• Remember that the “fig tree” and “vine” are pictures of Israel. (1:7)  Before, they lay in ruins; now they are blessed and fruitful.  No longer did the people of Judah have reason to fear extermination – no longer did even the bests of the field have reason to fear desolation and hunger.  God removed all reason for fear when He gave them His grace.
    • What do you fear?  Why?  As a born-again Christian, what reason do you possibly have?  Yes, we have troubles, trials, and tribulations – yes, we have a spiritual enemy who hates us & worldly enemies that work against us.  But we still have no reason for fear.  We belong to the Most High God!  We’ve been bought with the blood of the Lord Jesus Christ!  We’ve been sealed & indwelt by God the Holy Spirit Himself!  We have no cause for fear – He has removed that from us when He brought us into His grace.  We are blessed beyond measure…even during the times that we cannot see His blessings.  Fear not, but rejoice in the Lord your God!
  • Question: was Israel to rejoice in their blessings?  No.  Their blessings were reason for joy, but the primary object of their joy is the Lord.  “Rejoice in the LORD your God.”  We thank God for the gifts we have received – we give Him credit for the blessings we enjoy – but we do not rejoice in those blessings.  Those blessings are not the things we seek.  We seek the Lord our God – we seek to live in His grace – we seek to walk in unfettered relationship with Him.
  • That said, the blessings would be abundant!  It would be overflowing.  Everything that they had lost in the past would be restored to the uttermost, with them having even more than what they had at the beginning.
    • Like Job.  He had lost everything he held dear, including his health and his children.  But God restored him, and abundantly so!  Job 42:12, "Now the LORD blessed the latter days of Job more than his beginning; for he had fourteen thousand sheep, six thousand camels, one thousand yoke of oxen, and one thousand female donkeys."  Goes on to speak of his children & other blessings.  Can those children be replaced?  Of course not – but the idea is clear: God gave more to Job than what he had in the past.  It didn’t remove the pain of the past, but it certainly provided for him a glorious future.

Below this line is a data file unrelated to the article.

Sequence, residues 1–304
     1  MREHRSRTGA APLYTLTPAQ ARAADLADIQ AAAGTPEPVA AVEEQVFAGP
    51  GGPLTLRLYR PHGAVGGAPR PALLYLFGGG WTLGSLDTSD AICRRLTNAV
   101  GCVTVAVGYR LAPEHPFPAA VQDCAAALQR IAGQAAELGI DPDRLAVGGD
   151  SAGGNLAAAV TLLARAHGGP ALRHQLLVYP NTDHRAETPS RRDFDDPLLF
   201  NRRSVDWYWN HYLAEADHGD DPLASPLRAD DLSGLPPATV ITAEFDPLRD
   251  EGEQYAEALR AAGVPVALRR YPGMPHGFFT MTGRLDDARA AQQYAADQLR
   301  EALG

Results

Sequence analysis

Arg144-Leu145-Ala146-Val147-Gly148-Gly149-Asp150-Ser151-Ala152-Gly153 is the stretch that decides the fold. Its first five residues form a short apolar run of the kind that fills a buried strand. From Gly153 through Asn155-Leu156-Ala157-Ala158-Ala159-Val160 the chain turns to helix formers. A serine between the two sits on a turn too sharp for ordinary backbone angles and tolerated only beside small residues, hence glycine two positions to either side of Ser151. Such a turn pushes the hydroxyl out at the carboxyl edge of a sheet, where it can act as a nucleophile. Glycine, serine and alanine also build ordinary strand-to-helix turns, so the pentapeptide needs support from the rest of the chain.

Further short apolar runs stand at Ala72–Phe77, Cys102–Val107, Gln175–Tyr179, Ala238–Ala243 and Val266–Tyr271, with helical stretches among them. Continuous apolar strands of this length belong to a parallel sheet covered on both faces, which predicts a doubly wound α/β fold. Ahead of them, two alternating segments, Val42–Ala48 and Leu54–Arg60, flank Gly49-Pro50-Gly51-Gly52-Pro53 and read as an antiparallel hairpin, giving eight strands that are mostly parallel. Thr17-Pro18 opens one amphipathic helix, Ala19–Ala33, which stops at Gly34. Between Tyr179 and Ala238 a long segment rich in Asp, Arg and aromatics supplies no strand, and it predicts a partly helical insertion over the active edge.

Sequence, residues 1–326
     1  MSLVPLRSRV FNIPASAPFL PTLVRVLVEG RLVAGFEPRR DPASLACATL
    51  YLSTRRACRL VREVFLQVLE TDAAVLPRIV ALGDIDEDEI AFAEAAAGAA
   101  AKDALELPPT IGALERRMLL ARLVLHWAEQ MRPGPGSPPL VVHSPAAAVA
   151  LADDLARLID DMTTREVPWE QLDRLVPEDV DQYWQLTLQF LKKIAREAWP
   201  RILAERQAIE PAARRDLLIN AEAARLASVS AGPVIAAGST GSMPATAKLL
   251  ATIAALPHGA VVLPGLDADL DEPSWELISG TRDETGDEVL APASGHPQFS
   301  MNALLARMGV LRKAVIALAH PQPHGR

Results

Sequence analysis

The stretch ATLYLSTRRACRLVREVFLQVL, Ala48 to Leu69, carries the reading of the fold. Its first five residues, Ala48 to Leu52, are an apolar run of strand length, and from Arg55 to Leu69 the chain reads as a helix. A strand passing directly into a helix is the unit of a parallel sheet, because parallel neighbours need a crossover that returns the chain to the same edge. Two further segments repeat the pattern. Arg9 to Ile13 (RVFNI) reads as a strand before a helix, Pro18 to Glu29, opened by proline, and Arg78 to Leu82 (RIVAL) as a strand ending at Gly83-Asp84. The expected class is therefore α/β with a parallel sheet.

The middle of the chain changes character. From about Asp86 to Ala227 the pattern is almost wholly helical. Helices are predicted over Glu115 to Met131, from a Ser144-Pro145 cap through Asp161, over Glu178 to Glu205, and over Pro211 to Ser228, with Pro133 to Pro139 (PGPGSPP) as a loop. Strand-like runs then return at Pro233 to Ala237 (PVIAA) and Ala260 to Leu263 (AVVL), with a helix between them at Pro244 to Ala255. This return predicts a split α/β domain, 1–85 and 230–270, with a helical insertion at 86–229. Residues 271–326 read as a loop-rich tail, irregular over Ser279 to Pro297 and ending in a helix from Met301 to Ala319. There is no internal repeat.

25 “So I will restore to you the years that the swarming locust has eaten, The crawling locust, The consuming locust, And the chewing locust, My great army which I sent among you.

  • In Chapter 1, it was declared that this was what was lost.  Now there is a total reversal of what was listed in 1:4.  God promised to restore them.  What does restoration look like?  Wholeness.  The Hebrew verb is the same root from which we get the word “Shalom / peace / completeness.” (שָׁלֵם )  When God restores, He makes His people whole.  For Israel, it was restoring them to that place of blessing & favor in His sight.  It was a literal physical restoration of the land, their kingdom, and their economic prosperity.  For us, we are made whole in Christ Jesus.  We are restored from dead men & women walking to living, breathing, creations of the Most High God.